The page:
Archives for March 2012

Dark Eyed Junco Resting in the Snow

I'm hoping we're done with snow for the year - not that we got that much anyway. This is a photo I took one of the few times we did get some.

Sauteed Scallops with Spiced Couscous and Preserved Lemon-Curry Sauce

Remember those Preserved Lemons I made just before going away on vacation? Well, they’re ready now!

This is the recipe I made them specifically for, so last night I made it for Jim and my friend Cyrena. (I don’t eat shellfish, so I just got to enjoy the beauty of the dish.) The recipe came out of the book Cooking My Way Back Home by by Mitchell Rosenthal which is an inspiring new cookbook by the chef/owner of the San Francisco restaurants Town Hall, Anchor and Hope, and Salt House.

I love to cook for Cyrena because she makes a lot of what I call “yummy noises”. A true appreciator of food is always a joy to cook for, and she made a lot of yummy noises over this dish. I almost took a picture of her chasing the last grain of couscous around the plate and then licking the plate clean.

I’m not going to lie and say this isn’t a complicated recipe. It’s not something you’re going to throw together in 30 minutes, and not something you’re likely to make on a school/work weeknight (unless you’re an idiot, like me). That said, it is a lovely and impressive dish and one that should be made on a weekend or for your next dinner party. You could even serve it in miniature as an appetizer portion (maybe with one or two scallops and small portions of couscous and fennel salad).

I had every intention of making my own shrimp stock, but I couldn’t find shrimp with their head’s on, which is what the recipe called for. In the end I purchased frozen fish stock, which I figured was close enough, but use shrimp (home made or purchased) stock if you can. I also didn’t have any fresh dill for the couscous, so I used a few shakes of dried. Prepare all of your ingredients prior to cooking as things come together pretty quickly once you start cooking and you won’t have time to stop and chop vegetables in the middle of cooking.

Jim felt a little short-changed with just 3 scallops for his meal, so you  might want to up your scallop count if you’re serving hungry men.

Sauteed Scallops with Spiced Couscous and Preserved Lemon-Curry Sauce

Curry Sauce

  • 2 tablespoons curry powder
  • 1 tablespoon canola oil
  • 1/2 carrot, halved lengthwise and sliced crosswise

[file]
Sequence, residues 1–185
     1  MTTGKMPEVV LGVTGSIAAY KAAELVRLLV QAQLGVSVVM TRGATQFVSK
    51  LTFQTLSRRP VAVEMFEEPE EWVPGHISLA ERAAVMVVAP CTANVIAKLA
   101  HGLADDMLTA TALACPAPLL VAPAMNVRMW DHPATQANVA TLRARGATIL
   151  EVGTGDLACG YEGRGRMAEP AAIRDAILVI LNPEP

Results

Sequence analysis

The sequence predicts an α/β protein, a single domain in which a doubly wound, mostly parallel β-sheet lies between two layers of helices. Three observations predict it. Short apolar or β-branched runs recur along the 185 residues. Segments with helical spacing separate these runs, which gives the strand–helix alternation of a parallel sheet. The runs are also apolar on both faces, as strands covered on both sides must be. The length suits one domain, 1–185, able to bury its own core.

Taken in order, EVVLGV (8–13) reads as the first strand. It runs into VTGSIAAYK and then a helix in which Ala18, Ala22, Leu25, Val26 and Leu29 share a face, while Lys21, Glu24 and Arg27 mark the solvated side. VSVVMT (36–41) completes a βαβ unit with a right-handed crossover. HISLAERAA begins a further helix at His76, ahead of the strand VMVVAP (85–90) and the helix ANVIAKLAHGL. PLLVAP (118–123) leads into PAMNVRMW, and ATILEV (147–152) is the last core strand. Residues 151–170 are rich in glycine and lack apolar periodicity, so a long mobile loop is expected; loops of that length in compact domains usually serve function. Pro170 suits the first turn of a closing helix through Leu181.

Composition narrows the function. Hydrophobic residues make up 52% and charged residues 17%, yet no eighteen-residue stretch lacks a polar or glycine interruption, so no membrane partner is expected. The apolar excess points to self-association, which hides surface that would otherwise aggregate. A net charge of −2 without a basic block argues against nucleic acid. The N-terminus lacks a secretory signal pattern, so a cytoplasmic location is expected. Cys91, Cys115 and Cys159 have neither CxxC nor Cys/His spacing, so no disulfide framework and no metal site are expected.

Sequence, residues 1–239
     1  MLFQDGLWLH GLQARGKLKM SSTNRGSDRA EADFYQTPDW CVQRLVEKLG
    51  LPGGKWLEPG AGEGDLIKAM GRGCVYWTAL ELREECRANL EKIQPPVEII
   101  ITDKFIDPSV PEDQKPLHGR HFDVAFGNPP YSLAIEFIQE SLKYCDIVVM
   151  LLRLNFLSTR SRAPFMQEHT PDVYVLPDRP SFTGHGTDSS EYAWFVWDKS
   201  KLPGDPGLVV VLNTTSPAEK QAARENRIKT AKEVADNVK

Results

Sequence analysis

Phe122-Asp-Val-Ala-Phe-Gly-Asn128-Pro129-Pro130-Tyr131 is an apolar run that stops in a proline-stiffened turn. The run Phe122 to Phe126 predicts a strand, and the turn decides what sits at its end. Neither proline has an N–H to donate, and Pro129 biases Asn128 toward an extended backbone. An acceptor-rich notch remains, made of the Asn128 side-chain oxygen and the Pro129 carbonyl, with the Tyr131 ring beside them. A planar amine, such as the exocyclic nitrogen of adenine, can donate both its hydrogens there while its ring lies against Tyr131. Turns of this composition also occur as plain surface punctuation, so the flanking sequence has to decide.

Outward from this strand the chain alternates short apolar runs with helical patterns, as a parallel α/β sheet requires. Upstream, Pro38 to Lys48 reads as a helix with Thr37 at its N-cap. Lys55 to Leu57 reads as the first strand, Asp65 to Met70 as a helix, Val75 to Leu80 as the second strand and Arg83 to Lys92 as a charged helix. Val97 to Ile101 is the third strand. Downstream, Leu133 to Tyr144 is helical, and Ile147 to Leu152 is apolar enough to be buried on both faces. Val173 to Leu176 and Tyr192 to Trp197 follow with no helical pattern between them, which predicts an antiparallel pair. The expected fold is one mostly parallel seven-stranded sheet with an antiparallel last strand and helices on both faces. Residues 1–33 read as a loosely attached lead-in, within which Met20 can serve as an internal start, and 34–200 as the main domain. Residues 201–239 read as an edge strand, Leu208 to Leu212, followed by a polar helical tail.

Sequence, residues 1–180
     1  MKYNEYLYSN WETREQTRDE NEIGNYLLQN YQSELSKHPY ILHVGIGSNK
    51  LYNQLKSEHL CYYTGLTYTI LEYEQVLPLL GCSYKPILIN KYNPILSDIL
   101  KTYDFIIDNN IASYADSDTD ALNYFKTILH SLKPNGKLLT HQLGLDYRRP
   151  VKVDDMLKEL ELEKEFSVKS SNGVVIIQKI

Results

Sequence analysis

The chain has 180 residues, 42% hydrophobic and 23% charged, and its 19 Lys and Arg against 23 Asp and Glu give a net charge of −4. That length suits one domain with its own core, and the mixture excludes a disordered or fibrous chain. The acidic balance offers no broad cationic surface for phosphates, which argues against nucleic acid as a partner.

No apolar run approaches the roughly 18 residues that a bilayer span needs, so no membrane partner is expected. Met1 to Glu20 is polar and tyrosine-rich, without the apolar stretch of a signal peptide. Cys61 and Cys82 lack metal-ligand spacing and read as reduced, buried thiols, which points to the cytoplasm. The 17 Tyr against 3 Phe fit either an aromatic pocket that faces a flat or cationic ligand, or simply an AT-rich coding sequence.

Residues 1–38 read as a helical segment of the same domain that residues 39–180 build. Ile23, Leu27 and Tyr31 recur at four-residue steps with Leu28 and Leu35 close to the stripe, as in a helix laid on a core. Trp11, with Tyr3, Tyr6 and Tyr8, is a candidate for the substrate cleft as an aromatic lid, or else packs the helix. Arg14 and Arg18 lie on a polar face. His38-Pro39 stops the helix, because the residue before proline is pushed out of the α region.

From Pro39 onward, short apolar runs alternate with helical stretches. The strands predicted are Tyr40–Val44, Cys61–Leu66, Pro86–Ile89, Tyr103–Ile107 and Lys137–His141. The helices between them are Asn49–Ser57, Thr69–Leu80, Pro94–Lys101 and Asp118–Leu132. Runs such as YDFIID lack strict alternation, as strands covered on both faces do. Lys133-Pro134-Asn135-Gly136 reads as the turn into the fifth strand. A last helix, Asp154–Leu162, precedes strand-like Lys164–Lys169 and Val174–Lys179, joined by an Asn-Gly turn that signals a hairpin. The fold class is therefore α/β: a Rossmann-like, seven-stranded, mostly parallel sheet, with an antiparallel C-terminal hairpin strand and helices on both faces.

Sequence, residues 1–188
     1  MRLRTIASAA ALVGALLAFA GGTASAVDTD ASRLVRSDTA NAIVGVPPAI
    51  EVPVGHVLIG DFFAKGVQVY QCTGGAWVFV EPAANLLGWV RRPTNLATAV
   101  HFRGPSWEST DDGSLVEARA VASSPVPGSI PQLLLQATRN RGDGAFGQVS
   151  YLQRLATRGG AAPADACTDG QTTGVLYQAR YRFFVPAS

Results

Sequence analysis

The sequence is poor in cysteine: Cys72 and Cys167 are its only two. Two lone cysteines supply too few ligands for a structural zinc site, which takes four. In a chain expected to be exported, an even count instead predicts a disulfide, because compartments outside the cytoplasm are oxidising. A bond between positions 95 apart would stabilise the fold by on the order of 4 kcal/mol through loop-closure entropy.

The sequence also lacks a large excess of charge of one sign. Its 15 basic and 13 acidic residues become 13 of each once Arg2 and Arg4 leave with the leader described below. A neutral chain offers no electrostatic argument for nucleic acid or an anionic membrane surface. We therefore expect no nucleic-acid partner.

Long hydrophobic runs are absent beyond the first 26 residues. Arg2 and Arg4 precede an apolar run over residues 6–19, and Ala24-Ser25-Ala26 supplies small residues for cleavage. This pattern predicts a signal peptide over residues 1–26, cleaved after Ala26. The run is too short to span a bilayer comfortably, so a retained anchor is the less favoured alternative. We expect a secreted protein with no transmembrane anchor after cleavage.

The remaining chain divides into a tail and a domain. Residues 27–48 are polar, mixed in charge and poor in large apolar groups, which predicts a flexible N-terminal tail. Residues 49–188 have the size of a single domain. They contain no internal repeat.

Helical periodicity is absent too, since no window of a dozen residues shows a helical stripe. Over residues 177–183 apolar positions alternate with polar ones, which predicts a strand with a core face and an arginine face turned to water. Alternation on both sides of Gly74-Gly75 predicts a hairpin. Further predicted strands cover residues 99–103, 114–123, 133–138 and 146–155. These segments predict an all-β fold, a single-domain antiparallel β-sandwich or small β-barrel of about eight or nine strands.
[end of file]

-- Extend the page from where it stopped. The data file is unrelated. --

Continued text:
• 1/2 celery stalk, sliced
  • 1/2 leek, white and tender green parts, halved lengthwise and sliced crosswise
  • 3-inch piece fresh ginger, peeled and thinly sliced
  • 1 green onion, white and tender green parts, sliced
  • 2 teaspoons rice vinegar
  • 1/3 cup miring
  • 1/2 cup dry vermouth
  • 2 cups Shrimp Stock
  • 1/4 cup heavy cream
  • Salt and freshly ground pepper
  • 3 tablespoons unsalted butter, cut into tablespoons

Spiced Couscous

  • 1-3/4 cups (1/2 pound) Israeli couscous
  • 1 teaspoon olive oil
  • 1 teaspoon canola oil
  • 1/3 cup fennel, finely diced
  • 1/4 cup finely diced preserved lemon
  • 2 teaspoons chopped fresh dill (I didn’t have any fresh dill so I used a few shakes of dried dill)
  • 1/8 teaspoon cayenne pepper
  • Salt and freshly ground pepper
  • 5 ounces mustard greens, trimmed, parboiled for 3 to 5 minutes, drained, squeezed dry, and coarsely chopped
  • 2 tablespoons unsalted butter

Fennel salad

  • 1/2 fennel bulb, thinly sliced
  • 1 tablespoon olive oil
  • Juice of 1/2 lemon
  • Salt and freshly ground pepper

2 pounds dry-packed scallops

Canola oil, for sautéeing

To make the sauce, in a small, dry frying pan, toast the curry powder over medium heat, stirring often, for about 1 minute, or until fragrant. Set aside. In a saucepan, heat the oil over medium heat. Add the carrot, celery, leek, ginger,and green onion and cook for about 5 minutes, or until the vegetables start to soften. Stir in the curry powder, turn down the heat to low, add the vinegar, and deglaze the pan, stirring to scrape up any browned bits from the pan bottom. Cook until the vinegar evaporates, then add the mirin and simmer for 2 minutes.